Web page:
Sheffield United fan column: Unitedites should remember where we've come from

After nine games United are well placed with a start to the season that so has fluctuated from excellent to poor, both from games to game and within matches.

Thursday, 27th September 2018, 5:30 pm
Updated Thursday, 27th September 2018, 5:37 pm
David McGoldrick

United played so well against Bolton and Aston Villa that the occasional drop-off in performance, such as against Birmingham City, is inevitable.

And Birmingham won at previously unbeaten Leeds in their next match, don't forget.

The up-and-down nature of performances within games, if not really concerning, is something to work on.

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After dismantling Villa in the first half United scored a fourth early in the second but then sat back for 40 minutes when a five- or six-goal thrashing was on the cards.

Then against Preston last week United dropped off again after going two up and almost threw away the victory.

But we aren't playing League One teams anymore; even the teams near the bottom, such as Birmingham and Preston, are capable of playing good football, even if the results don't always go their way.

The results won't always go United's way either; we're currently fourth, but only three points in front of 14th, so there will continue to be movement up and down until the division settles down.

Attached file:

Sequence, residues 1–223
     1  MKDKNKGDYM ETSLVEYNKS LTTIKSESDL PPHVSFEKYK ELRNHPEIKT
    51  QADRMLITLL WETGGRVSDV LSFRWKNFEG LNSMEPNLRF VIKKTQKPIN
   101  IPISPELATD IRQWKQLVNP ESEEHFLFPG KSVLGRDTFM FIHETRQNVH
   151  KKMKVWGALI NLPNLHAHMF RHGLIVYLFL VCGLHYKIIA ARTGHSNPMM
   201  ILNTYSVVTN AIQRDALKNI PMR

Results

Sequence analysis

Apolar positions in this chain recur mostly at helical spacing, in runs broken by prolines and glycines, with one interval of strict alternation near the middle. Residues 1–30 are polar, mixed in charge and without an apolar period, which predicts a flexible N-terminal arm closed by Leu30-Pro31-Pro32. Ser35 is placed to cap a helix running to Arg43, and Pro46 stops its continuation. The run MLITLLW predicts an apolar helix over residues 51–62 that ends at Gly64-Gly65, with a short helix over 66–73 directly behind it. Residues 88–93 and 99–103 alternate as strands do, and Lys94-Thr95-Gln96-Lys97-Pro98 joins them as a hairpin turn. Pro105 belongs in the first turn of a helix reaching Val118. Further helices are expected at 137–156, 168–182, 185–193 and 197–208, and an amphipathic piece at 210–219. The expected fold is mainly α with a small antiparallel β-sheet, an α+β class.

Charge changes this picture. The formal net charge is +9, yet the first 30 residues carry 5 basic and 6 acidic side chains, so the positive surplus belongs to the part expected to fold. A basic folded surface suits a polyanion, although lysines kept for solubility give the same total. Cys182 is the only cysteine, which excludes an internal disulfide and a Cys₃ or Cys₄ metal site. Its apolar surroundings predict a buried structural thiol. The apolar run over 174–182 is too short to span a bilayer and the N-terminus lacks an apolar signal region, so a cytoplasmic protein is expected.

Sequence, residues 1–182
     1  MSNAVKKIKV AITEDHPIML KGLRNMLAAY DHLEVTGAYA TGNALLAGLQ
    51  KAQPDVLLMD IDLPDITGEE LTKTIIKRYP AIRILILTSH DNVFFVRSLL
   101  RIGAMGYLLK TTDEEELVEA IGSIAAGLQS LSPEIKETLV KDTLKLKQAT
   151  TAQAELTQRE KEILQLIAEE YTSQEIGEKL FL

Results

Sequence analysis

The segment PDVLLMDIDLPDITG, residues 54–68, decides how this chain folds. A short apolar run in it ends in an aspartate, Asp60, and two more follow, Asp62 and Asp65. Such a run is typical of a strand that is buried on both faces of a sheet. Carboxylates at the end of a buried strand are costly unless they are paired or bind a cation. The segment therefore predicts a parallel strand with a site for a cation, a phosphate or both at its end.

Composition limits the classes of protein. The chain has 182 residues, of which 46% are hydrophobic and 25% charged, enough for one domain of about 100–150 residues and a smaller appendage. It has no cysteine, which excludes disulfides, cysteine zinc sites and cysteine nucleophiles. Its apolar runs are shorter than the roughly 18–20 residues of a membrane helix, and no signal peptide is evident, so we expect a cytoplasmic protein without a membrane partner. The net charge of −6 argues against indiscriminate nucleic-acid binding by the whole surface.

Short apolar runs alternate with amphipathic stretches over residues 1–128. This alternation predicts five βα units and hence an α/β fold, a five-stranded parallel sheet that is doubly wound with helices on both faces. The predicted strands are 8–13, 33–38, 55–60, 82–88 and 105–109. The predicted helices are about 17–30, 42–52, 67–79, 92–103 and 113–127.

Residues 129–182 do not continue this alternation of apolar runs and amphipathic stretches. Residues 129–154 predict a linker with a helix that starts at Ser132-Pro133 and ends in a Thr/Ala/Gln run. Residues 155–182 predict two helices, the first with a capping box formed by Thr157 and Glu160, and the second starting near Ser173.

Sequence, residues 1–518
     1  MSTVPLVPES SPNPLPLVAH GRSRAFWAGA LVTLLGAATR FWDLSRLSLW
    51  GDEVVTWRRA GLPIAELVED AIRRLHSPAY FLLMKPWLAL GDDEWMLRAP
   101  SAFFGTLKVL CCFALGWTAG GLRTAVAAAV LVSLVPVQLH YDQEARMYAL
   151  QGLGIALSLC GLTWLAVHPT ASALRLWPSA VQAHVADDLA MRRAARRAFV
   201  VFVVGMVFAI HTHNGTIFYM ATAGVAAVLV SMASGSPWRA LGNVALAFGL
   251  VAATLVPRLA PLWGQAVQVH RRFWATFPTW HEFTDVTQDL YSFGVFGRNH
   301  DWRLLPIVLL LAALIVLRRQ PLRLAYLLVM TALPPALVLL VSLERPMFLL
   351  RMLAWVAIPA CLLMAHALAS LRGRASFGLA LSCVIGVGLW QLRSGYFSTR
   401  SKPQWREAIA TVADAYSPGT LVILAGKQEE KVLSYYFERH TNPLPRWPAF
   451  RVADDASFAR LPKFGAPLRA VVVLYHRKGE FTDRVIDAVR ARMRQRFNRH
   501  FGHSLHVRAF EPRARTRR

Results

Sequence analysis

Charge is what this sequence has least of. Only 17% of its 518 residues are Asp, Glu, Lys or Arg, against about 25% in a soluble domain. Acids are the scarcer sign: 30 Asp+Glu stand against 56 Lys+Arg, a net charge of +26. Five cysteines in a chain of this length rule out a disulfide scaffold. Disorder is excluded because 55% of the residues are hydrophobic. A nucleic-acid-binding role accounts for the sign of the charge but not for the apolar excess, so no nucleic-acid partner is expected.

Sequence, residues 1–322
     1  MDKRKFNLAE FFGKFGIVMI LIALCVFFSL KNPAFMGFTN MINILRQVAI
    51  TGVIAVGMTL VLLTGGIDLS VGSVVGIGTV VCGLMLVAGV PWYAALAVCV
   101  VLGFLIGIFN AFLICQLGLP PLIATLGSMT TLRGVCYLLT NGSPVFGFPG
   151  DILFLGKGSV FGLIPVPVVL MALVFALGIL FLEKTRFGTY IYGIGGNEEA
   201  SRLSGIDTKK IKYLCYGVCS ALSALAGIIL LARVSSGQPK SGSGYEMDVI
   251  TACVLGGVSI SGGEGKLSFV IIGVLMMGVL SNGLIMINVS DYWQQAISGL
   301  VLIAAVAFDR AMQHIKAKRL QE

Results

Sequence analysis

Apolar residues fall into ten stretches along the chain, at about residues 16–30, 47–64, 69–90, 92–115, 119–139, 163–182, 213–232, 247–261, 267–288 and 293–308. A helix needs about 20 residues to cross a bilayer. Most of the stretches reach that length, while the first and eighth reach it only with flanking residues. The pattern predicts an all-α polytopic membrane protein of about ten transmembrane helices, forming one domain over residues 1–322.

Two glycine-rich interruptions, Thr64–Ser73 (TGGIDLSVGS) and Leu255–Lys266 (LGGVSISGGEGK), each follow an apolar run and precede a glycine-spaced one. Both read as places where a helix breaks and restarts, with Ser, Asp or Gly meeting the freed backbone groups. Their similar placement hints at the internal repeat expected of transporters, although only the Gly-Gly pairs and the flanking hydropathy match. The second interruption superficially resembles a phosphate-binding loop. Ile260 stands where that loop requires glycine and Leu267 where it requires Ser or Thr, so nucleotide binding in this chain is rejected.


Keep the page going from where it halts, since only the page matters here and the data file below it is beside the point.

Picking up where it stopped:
Fans getting worked up about United not dominating for 90 minutes or criticising Chris Wilder for changing the formation are quick to forget what we were watching three seasons ago.

When Nigel Adkins was manager we were lucky to get seven minutes of good football, not 70 like we did against Preston.

There are also some uninformed complaints about Wilder's signings, but David McGoldrick has been great, showing that you can get something for nothing in the Championship.

John Egan is getting more confident with every game but whether he's worth what we paid for him is open to debate.

Dean Henderson has been brilliant as well, but he has to maintain those standards to keep Simon Moore out.

So too Oliver Norwood (apart from against Birmingham), who is a step up from Lee Evans, and with Paul Coutts on his way back he too has to keep up his good form.

Ben Woodburn has shown good touches but hasn't had many opportunities, and with Marvin Johnson and Conor Washington it's really too early to judge.

What it adds up to is that Wilder is incrementally improving the squad and is doing so without a large net spend.

He made a profit on Evans and Ryan Leonard, and says he still has some of the David Brooks money to spend.

It might not be enough to win promotion or even make the play-offs, but unless something goes drastically wrong a top-ten finish should be within reach again